The following is an excerpt from Practice Perspectives: Vault's Guide to Legal Practice Areas.
Benjamin (“Ben”) Fox is an associate in Morrison & Foerster’s Corporate department in the San Francisco office. Ben is a member of the firm’s Social Enterprise and Impact Investing and Energy and Clean Technology groups.
Ben’s practice focuses on the representation of clients in the clean technology, renewable energy, and sustainability spaces. Ben counsels startup to late-stage private companies and venture capital and private equity investors, as well as family offices, private foundations, and public charities in a broad range of transactional matters, including early-stage and late-stage equity and debt financings, mergers, acquisitions, asset purchases and sales, joint ventures, and hybrid or “tandem” structuring arrangements between nonprofit and for-profit entities. He currently serves as a member of the San Francisco Young Professionals in Energy Events Committee.
Ben graduated from the University of California Berkeley School of Law with a certificate of specialization in both Environmental Law and Energy and Clean Technology Law. At Berkeley, he served as an executive editor of Ecology Law Quarterly, a member of the California Law Review, and a judicial extern for the Honorable Edward M. Chen of the U.S. District Court for the Northern District of California.
Describe your practice area and what it entails.
I have a transactional practice and represent a range of clients focused on energy, climate, and sustainability matters. This includes serving as general outside counsel to entrepreneurs and startups in all phases of their companies’ life cycles, as well as negotiating equity and debt financings, joint ventures, mergers, and acquisitions for both companies and investors. I also advise “mission-driven” entrepreneurs, investors, and nonprofit organizations with respect to hybrid structures between nonprofit and for-profit entities. Given the expertise of our group with respect to impact investment, we often advise clients on how to embed mission into their corporate documents (through use of new corporate forms, such as the Delaware public benefit corporation) or how to measure or report the achievement of certain impact-focused metrics (e.g., linking fund manager compensation to greenhouse gas emission reduction targets).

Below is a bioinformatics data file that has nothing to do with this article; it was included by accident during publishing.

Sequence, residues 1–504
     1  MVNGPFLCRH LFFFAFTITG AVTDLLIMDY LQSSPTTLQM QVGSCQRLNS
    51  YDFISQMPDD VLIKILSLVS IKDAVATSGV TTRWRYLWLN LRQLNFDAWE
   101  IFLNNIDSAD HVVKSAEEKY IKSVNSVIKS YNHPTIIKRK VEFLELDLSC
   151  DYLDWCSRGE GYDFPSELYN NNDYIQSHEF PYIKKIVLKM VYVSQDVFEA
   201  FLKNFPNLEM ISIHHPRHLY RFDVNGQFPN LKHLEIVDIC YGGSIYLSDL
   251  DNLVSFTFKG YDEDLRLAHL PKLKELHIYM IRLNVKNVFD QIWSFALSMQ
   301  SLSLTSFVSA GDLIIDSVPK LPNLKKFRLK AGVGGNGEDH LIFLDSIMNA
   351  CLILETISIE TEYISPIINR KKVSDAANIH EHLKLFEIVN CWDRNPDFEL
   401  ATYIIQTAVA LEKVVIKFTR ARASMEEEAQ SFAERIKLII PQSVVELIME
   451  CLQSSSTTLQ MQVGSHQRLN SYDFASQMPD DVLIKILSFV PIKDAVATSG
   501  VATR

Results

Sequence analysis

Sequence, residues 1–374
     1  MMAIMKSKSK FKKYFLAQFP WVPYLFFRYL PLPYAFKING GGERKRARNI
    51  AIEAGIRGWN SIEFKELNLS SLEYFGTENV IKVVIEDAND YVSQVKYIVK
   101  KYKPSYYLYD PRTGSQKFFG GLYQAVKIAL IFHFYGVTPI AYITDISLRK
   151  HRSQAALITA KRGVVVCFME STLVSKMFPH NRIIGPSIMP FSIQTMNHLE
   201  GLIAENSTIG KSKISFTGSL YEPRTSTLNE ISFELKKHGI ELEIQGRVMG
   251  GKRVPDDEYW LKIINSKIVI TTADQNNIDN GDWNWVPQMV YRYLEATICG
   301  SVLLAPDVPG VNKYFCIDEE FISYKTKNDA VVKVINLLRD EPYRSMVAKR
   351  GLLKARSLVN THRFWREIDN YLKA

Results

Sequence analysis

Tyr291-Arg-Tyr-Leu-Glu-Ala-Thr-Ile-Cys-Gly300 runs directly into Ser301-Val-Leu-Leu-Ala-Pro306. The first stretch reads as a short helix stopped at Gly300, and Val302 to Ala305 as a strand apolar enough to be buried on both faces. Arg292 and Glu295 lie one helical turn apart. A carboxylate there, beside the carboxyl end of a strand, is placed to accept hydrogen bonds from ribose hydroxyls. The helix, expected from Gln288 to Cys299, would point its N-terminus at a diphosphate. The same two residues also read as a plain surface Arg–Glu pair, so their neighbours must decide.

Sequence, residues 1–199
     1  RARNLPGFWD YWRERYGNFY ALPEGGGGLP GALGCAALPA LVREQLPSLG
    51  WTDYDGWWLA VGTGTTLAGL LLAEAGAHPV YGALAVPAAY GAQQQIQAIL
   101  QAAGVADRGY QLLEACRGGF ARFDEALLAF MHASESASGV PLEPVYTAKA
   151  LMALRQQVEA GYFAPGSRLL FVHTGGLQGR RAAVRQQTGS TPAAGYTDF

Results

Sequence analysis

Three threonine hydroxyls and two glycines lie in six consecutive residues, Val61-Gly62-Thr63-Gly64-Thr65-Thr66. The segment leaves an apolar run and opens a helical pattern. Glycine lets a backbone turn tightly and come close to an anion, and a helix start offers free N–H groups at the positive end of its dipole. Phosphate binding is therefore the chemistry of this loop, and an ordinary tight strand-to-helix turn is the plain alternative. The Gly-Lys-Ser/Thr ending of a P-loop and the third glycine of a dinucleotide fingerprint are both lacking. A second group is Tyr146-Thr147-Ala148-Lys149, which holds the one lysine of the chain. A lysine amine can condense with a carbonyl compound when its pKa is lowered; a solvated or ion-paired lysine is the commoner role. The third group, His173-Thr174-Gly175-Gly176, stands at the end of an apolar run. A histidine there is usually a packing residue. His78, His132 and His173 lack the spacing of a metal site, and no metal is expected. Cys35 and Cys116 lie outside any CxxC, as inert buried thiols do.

What types of clients do you represent?
We represent a range of clients focused on energy, climate, and sustainability matters. These include entrepreneurs and companies, venture capital and private equity investors, and charitable organizations.
What types of cases/deals do you work on?
I work on a wide range of transactions. Although my primary focus is early and late-stage venture capital financings, I also work on mergers and acquisitions, fund structuring and formation matters, and joint ventures. For instance, in this past year, I’ve worked on significant late-stage venture transactions, the formation of an innovative fund platform leveraging nonprofit capital to address the U.N. Sustainable Development Goals, and a cross-border merger of equals forming a unique data platform focused on creating more efficient commodities. I also maintain an active pro bono practice, which tends to focus on energy and the environment. Recently, we have been representing a nonprofit seeking to fund solar projects for low-income communities.